AVONDALE — Enraged by a recent immigration crackdown on day laborers, Latino organizations and Ald. Carlos Ramirez-Rosa (35th) are calling on the city to take a stand.
Ramirez-Rosa called on the city to cut ties with the U.S. Immigration and Customs Enforcement agency and joined activists in accusing agents of racial profiling and illegal searches that violate the Fourth Amendment.
Around noon last Friday, an ICE special agent and an officer descended on a group of men standing near the corner of Belmont and Milwaukee avenues. It was the fourth recent raid focused on sites where day laborers often gather, activists said.
"How interesting that Immigration and Customs Enforcement was here, in an immigrant and Latino community, asking people for their fingerprints," Ramirez-Rosa said Tuesday. "But they didn't go Downtown and ask the men in their suits for their fingerprints."Ald. Carlos Ramirez-Rosa (35th) spoke out against ICE practices in Chicago. [DNAinfo/Ariel Cheung]
For Aristides Banegas, work site raids have become a frightening reality after 23 years of finding work at Belmont and Milwaukee.
Banegas sends his wages home to his five children in Honduras and lives in the United States legally, he said. He can't imagine how he would find regular employment otherwise, he added.
But over the last three years, Banegas said immigration agents began showing up to check papers.
"I'm saying this is wrong. We're here to look for work, to pay for rent," Banegas said in Spanish. "I would like to ask all public officials who speak on our behalf: As a day laborer, I ask for better treatment."
On Friday, agents demanded Banegas prove his legal status. He said he saw them question his friend and another worker and use a fingerprint scanner before cuffing their arms and legs and taking them away.
"It was a moment where you could see how you could lose everything," Banegas said through a translator.
Aristides Banegas (left) shares his account of a recent ICE raid at a common gathering place for day laborers near Belmont and Milwaukee avenues. [DNAinfo/Ariel Cheung]
The Chicago agents were targeting gang members during the Friday raid, an ICE spokeswoman said in a statement. The operation was in line with the agency's focus on gang members and convicted criminals, which is why one of the three men was later released, ICE said.
A spokeswoman for #Not1More, a national campaign which fights what it considers unfair immigration policies, disputed the allegations, saying the three people who were detained were not involved in gangs or arrested for gang-related issues.
Marco Mendoza said police took his fingerprints and detained him for three days before he was let go on Monday, despite his having temporary protected status. Nationals of countries with ongoing wars or environmental disasters can receive the designation, which prevents their deportation and can grant them employment documents and travel authorization.
"They told one of the guys that he was an 'illegal' and had no right to be here," Mendoza said. "Then they handcuffed us. I told [an agent] I had my state ID, but it didn't matter."
Told ICE didn't process arrestees on the weekend, Mendoza was held for 71 hours, he said.
The Latino Union of Chicago , an advocacy group for low-wage workers, said the ICE agents violated the workers' constitutional rights, citing federal rulings that found a "Hispanic-looking appearance and presence in an area where illegal aliens frequently travel are not enough" for seizure.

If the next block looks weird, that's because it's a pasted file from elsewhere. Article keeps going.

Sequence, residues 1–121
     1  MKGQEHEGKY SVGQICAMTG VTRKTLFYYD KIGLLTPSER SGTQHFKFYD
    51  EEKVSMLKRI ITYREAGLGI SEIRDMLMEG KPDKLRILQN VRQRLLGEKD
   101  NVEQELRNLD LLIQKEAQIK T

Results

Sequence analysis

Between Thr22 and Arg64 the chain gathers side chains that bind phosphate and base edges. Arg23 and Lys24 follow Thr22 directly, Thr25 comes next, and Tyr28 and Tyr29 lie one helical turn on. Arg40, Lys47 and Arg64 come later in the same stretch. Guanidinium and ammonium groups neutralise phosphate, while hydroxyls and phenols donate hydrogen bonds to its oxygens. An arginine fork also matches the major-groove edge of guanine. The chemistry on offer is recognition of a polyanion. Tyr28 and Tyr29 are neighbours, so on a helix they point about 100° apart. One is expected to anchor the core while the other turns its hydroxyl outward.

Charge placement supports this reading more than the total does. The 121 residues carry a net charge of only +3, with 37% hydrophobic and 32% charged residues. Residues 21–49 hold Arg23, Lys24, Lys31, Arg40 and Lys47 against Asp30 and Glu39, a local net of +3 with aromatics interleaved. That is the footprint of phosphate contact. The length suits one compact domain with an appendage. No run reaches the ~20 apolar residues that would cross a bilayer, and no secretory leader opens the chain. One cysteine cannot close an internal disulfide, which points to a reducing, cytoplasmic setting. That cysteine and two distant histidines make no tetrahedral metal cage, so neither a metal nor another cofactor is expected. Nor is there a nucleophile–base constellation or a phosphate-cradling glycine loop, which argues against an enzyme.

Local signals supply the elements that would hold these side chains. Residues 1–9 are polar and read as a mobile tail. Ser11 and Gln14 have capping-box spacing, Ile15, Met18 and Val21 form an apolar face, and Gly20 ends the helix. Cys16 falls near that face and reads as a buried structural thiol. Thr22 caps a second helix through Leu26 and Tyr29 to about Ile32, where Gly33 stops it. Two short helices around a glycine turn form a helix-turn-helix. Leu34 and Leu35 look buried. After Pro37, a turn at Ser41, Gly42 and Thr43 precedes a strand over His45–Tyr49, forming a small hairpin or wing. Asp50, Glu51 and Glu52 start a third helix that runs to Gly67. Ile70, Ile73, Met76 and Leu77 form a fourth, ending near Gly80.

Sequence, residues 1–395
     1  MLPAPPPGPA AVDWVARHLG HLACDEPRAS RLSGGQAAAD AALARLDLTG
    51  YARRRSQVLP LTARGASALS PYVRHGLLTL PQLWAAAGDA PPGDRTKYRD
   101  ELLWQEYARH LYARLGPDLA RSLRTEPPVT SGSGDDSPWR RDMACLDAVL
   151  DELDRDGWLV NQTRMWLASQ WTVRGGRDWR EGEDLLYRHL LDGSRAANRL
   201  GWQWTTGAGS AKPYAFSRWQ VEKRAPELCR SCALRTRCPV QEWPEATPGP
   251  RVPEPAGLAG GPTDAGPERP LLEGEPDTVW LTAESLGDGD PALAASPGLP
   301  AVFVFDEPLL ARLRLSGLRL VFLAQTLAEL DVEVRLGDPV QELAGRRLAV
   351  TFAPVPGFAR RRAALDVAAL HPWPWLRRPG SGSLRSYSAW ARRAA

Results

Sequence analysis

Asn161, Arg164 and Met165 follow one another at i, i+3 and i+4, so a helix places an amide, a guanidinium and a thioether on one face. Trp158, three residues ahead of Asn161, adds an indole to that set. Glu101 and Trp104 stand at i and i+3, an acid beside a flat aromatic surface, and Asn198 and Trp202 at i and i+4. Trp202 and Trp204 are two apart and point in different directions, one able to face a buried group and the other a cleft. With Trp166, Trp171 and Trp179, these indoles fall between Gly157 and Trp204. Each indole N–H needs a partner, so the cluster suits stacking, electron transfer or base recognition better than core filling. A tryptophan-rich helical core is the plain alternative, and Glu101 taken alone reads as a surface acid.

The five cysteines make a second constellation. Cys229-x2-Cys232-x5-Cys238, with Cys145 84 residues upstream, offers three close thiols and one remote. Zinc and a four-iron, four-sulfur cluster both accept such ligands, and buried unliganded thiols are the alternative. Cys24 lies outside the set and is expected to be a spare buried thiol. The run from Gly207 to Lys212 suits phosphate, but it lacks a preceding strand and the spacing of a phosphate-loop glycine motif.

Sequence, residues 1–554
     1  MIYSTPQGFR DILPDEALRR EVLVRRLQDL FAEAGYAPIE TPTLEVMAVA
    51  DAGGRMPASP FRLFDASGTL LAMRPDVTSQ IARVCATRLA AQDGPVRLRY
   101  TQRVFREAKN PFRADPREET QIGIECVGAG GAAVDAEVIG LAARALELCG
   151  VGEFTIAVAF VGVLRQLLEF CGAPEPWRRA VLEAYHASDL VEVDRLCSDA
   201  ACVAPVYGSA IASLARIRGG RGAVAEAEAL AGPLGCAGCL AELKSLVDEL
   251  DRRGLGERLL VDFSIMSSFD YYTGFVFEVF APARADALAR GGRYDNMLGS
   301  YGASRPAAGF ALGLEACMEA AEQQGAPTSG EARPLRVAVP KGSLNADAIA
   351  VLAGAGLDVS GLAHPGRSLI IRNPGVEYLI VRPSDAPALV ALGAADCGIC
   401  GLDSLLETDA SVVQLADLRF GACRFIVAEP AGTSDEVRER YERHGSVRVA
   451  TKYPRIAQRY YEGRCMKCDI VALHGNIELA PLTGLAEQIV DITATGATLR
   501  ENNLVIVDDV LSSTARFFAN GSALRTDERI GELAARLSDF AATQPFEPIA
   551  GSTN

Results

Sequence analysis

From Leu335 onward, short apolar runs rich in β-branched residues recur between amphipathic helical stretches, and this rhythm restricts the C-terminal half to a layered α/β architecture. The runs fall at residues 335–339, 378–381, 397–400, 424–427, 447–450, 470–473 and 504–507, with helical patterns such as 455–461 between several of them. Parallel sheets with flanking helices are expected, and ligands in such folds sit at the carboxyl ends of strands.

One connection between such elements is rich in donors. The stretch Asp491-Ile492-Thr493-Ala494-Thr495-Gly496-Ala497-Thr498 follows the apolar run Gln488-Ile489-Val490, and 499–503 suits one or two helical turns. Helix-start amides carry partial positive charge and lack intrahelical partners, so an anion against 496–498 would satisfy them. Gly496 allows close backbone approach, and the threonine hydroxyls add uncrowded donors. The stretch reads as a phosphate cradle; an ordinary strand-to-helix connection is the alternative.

"This is a grave violation, and an example of the racism that drives this country's immigration policies," said Analía Rodriguez, director of the Latino Union. "These workers' rights were violated — there's no other name for government agents targeting a traditional gathering place for Latino men."
About 50 people arrived at a day laborer gathering site near Belmont and Milwaukee avenues in Avondale Tuesday to protest recent ICE raids there. [DNAinfo/Ariel Cheung]
The Latino Union has asked the Department of Homeland Security to open a civil rights investigation. Along with Organized Communities Against Deportations and the #Not1More campaign, it's also calling for ICE to stop using the fingerprint scanners and looking into whether the Chicago Police Department had any role in or advanced of the street corner raids.
In June, CNN got a firsthand look at ICE investigations in Chicago that use the new handheld fingerprint scanners.
Last year, ICE said it shifted priorities, targeting convicted felons, national security threats and people crossing at the border over noncriminals. Of those removed from inside the country, 91 percent were convicted criminals, ICE reported.
The 235,413 people deported in 2015 marked a 25 percent decrease from 2014. It was also the lowest numbers in eight years of both total deportations and removal of noncriminal immigration violators, according to a Homeland Security report.
More state and local officials are declining to work with ICE operations, as well. Both Chicago and Cook County have refused the cooperate over the last decade through enacting sanctuary ordinances, although activists have accused police of doing so anyway.
Speaking to a crowd of about 50 people Tuesday, Ramirez-Rosa said the public scrutiny of presidential candidate Donald Trump and his immigration proposals should also zero in on President Barack Obama.
Since Obama took office in 2009, ICE has deported 2.5 million people.
"I'm here today to say our city rejects the presence of Immigration and Customs Enforcement in our community," the alderman said. "Our city will said no to raids and no to ICE picking up people in our neighborhoods."
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